A scientific collaboration has released a concept design for the Large Hadron Collider’s successor, an enormous new experiment that would sit inside a hundred-kilometer (62-mile) tunnel.
The design concept plans for two Future Circular Colliders, the first which would begin operation perhaps in 2040. The ambitious experiments would hunt for new particles with collision energies 10 times higher than those created by the Large Hadron Collider (LHC). The concept design is the first big milestone achieved by the scientific collaboration.
“It shows the community the principles and feasibility of the post-LHC Future Circular Collider,” Michael Benedikt, CERN accelerator physicist and the study’s leader, told Gizmodo. “It shows that there is a credible, coherent physical scenario for implementing a larger-scale project that could seamlessly continue high-energy physics” once the LHC’s physics operation comes to an end in the 2030s.
Particle colliders accelerate tiny bits of matter to velocities close to the speed of light, slamming them together. Since energy and mass are equivalent in physics, new particles might materialize out of the collisions. High energies also allow physicists to take measurements of realms impossible to probe in a typical lab. Larger colliders typically let physicists explore the kinds of particles that filled the Universe at times closer and closer to the Big Bang.
The LHC discovered the Higgs boson, the last particle predicted by particle physics’ rulebook, the Standard Model. But there still appears to be missing mass in the Universe in the form of dark matter, and there are other unsolved physical mysteries that might require more energy than the LHC can provide—hence the need for a bigger atom smasher.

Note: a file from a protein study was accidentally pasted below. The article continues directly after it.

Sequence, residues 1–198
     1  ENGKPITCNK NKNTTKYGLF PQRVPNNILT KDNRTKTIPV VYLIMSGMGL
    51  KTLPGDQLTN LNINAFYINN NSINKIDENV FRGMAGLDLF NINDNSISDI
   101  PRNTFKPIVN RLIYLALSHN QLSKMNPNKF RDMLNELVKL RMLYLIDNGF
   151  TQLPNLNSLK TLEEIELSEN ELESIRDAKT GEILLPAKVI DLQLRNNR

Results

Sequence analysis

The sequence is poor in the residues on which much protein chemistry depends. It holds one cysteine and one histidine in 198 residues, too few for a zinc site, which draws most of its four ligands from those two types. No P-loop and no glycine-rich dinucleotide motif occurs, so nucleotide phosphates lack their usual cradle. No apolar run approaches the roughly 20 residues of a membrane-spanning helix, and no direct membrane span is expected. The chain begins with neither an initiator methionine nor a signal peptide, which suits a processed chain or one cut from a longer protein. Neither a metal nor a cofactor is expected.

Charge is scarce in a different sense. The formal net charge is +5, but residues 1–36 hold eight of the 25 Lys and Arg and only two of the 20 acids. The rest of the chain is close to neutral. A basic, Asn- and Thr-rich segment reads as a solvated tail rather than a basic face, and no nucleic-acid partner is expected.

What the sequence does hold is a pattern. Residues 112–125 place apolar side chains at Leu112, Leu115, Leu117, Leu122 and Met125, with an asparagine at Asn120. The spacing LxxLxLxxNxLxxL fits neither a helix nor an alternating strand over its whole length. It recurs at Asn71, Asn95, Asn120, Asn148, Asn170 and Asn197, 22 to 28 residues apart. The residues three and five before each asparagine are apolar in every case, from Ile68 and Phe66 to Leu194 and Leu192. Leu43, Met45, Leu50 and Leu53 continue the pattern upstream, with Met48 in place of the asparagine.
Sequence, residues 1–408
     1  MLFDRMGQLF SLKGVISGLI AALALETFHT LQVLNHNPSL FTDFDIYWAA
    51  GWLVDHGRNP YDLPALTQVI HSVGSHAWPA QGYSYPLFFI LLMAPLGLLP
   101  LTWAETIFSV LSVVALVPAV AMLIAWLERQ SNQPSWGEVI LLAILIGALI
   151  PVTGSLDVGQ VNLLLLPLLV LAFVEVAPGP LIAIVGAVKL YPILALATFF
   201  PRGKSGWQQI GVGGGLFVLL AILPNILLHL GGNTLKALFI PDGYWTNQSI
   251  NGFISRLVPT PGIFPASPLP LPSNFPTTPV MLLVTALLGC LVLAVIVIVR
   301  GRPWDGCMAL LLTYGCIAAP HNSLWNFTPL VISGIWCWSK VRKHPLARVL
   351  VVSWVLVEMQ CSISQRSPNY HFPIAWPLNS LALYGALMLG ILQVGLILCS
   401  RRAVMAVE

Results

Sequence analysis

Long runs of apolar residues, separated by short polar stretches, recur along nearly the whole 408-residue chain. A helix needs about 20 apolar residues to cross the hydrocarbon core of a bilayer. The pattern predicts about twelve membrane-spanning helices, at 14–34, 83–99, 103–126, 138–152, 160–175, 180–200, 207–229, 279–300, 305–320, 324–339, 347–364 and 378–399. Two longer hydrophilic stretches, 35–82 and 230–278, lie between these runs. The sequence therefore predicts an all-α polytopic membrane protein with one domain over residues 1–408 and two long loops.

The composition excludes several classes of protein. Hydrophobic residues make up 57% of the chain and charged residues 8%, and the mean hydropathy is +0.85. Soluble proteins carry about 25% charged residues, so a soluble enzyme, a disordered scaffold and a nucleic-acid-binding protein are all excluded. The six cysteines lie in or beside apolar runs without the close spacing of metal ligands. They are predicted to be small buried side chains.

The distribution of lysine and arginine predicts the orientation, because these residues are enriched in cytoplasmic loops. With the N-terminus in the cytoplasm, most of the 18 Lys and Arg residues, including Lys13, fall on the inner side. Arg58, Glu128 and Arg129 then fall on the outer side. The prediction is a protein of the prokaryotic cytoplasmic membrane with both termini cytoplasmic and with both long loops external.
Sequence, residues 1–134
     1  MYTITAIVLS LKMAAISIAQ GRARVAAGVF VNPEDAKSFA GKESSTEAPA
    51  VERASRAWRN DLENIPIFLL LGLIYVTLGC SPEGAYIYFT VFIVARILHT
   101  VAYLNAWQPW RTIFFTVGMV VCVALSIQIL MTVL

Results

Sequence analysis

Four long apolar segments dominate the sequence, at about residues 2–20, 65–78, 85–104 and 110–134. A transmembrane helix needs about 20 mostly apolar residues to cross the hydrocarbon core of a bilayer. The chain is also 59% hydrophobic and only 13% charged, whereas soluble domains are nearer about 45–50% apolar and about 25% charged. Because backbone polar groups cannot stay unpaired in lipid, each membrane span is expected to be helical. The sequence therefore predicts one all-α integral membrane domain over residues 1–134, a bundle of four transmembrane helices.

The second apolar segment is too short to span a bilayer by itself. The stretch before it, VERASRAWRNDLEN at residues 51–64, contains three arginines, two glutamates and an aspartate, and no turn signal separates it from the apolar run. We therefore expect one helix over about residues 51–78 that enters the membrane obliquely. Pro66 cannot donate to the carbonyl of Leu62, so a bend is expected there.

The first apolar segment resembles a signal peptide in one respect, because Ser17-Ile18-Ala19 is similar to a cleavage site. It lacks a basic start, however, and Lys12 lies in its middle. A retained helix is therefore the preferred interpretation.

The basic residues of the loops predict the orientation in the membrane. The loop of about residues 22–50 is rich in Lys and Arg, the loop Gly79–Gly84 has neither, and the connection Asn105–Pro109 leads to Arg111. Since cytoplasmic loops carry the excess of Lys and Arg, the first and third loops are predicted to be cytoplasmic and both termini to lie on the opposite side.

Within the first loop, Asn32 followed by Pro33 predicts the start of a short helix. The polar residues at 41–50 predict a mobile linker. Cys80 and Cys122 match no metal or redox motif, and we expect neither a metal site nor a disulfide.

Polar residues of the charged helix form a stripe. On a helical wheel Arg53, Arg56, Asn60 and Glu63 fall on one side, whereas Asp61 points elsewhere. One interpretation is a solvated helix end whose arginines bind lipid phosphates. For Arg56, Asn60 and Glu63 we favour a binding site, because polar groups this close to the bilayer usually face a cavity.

The FCC’s new report offers designs for a 100-kilometer-round tunnel with access points beneath and around Geneva, Switzerland, which would cost perhaps 5 billion euros (5.72 billion USD). A 4 billion euro (4.56 billion USD) machine that collides electrons and their antimatter partners, positrons, would occupy the space first, then perhaps a decade or two later it would be replaced with a proton- or atom-colliding machine akin to the LHC, explained Benedikt. The LHC’s own 27-kilometer-round (16-mile) tunnel was at first home to Large Electron-Positron (LEP) collider.
Some particle physicists are enthusiastic about the possibility of discovering new physical phenomena to explain outstanding mysteries. “I’m excited because it allows us to study the Higgs boson to factors of 20 to 50 precision,” Freya Blekman, professor of particle physics at the Vrije Universiteit Brussel in Belgium and researcher at CERN, told Gizmodo. “It is the next generation of discovery machine, which [would be sensitive] to possible new particles if they exist, even if they are too massive to be made by current accelerators or only directly show up as small changes in the Standard Model.”
But there’s still some uncertainty about what the FCC will actually tell us. In her blog, Frankfurt Institute for Advanced Studies research fellow Sabine Hossenfelder wrote that “After the discovery of the Higgs-boson, there is also no good reason for why there should be something else to find, neither at the LHC nor at higher energies, not up until 15 orders of magnitude higher than what we can reach now.” In one of our Dream Experiment posts, Duke University particle physics postdoc James Beacham explained that it could require building a particle accelerator around Mars or even around the entire Solar System to actually answer physicists’ deepest questions.
You might also note that China has released plans for its own 100-kilometer particle collider (which has its own unrelated issues). Benedikt said that these works are a confirmation that the particle physics community is interested in such an experiment.
I asked Benedikt if the group had considered some of the new research into more compact accelerators that could produce high-energy particles over a smaller footprint. He explained that these are important long-term research and development programs, but that the FCC concept proposes a facility by the end of the 2030s—essentially, there isn’t time to integrate these two technologies. Building the larger collider will rely mostly on developing more powerful superconducting magnets.
There’s a future to particle accelerators, and plenty of other experiments are underway or planned in order to probe the mysteries of the Universe. But whether the FCC will actually solve any of those mysteries is not yet clear.